Lethal weather on ‘world’s most dangerous lake’

Story highlights

Thousands of people die each year on Lake Victoria due to bad weather conditions

Authorities are testing a mobile alert weather service to protect fishermen

Locals receive text messages with weather forecasts and warnings about potential hazards

Lake Victoria is the world's second-biggest freshwater body

Straddling three East African countries – Uganda, Tanzania and Kenya – Lake Victoria has for centuries been a vital resource for the millions of people living along its vast coastline.

The massive lake, which stretches some 70,000 square kilometers, is the world’s second-biggest freshwater body and the biggest of its kind in Africa, as well as the chief reservoir of the Nile. Home to a stunning archipelago of more than 80 islands, Lake Victoria provides a livelihood for the fishermen navigating its waters and the businesses dotting its shores.

But for many that comes with a risk.

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According to local officials, about 5,000 people are killed every year on the lake, victims of erratic weather conditions and a mix of poor communications and lack of resources.

The high death toll makes the lake “arguably the most dangerous stretch of water in the world in terms of fatalities per square kilometer,” according to The National Lake Rescue Institute, a group launched in 2002 to improve safety on Lake Victoria and provide education and training in maritime safety.

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“It’s very dangerous,” says Sam Kabonge, a fisherman from the Bugala island in Lake Victoria, a tropical patch of land boasting sandy shores and lush forests. “You sit on top of water not knowing the depth of the pitch you are sitting on so in any case of accident … even if you do [know how to swim], you might be far away in the lake.”

Kabonge says not all fishermen can afford life jackets. At the same time, their small and often dilapidated vessels can easily succumb to the wind-whipped waves formed in the lake by its volatile microclimate.

“There are times when you may leave the landing site when the lake is still,” explains Kabonge. “As you are in the middle of it, it starts getting rough – rain, winds, clouds, and you know what happens next because … our boats, cannot resist the strength of the wave. Sometimes they break; others capsize.”

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Ugandan meteorologist Khalid Muwembe says the lake, which lies on the Equator, has a distinct effect on the region’s weather.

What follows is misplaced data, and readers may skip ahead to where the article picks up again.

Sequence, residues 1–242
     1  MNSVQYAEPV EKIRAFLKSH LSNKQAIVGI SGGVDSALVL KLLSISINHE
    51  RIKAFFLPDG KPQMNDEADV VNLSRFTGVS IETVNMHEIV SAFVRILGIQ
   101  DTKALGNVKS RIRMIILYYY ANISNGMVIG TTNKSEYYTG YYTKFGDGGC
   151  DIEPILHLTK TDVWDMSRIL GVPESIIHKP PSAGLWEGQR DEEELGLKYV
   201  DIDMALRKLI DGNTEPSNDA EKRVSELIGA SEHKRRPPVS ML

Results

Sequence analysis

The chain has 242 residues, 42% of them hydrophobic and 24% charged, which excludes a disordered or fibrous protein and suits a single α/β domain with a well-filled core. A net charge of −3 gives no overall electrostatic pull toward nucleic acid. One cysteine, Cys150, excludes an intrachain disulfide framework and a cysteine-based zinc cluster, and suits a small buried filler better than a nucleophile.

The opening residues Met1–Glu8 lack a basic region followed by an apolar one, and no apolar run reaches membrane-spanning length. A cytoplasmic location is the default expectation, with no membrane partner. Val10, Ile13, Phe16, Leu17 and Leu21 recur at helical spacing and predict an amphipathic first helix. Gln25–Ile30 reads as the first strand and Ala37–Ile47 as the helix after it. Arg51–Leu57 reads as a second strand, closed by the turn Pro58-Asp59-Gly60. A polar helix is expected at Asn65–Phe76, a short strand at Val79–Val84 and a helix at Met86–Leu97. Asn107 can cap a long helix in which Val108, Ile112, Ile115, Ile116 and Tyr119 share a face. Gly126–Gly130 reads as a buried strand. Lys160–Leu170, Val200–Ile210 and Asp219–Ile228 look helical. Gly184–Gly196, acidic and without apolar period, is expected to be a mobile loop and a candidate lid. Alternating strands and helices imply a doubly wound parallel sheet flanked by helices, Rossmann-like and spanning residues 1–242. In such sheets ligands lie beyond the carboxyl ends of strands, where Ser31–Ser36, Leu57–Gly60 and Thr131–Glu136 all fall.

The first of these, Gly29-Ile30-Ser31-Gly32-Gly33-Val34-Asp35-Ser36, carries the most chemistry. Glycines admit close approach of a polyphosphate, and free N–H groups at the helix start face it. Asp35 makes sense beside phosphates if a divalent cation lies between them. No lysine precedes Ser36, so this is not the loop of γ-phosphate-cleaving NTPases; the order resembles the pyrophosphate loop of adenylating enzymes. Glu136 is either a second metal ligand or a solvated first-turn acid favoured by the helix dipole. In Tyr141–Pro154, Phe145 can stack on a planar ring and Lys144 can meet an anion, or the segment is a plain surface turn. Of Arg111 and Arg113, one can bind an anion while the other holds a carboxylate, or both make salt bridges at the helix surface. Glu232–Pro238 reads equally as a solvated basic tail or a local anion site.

“Because the lake is generally warm and has a lot of moisture, we find that it generates this very big, what we call, convective potential energy, which generates a lot of cloudness and this unique nature of weather characterized by heavy thunderstorms which sometimes can be dangerous,” he explains.

Muwembe is part of a team testing a new mobile alert system aiming to improve the delivery of weather forecasts and help vulnerable fishing communities in Lake Victoria protect themselves from dangerous conditions.

Under the free pilot program, locals receive tailor-made text messages on their mobile phones, providing them with daily weather forecasts, warnings about potential hazards and advice on what action they should take.

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Muwembe says the mobile alert weather system is helping fishermen to plan safer outings.

“For a long period of time, we didn’t have a very good weather service to try and guide and promote safety of all those navigating over the lake,” he says. “So because of that – and also daily reports of accidents over the lake – we thought it was very important that we have a weather system where we are giving the users of the small vessels over the lake at least some guidance on what kind of storms they expect to find over the lake.”

“We provide this information on a daily basis as texts on their mobile phones and in a situation where we see that there is a very dangerous storm which is developing, we also give them an additional message, which we call an alert. We say that ‘this is happening, please take action, or hold position,’ or whatever it is that will at least promote safety,” he adds.

For fishermen like Kabonge, who is among those involved in the pilot program, the localized weather information is a vital service that can help people in the community stay safe.

“We need it because ever since it came, at least the death tolls have reduced,” says Kabonge, who calls for the program’s expansion. “The lake is too wide – if it [the program] could go across the whole lake, our brothers also may get use of it.”

And for Kabonge that is what is most important – to use new technology to help protect the lives of Lake Victoria’s fishermen.

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Teo Kermeliotis contributed to this report.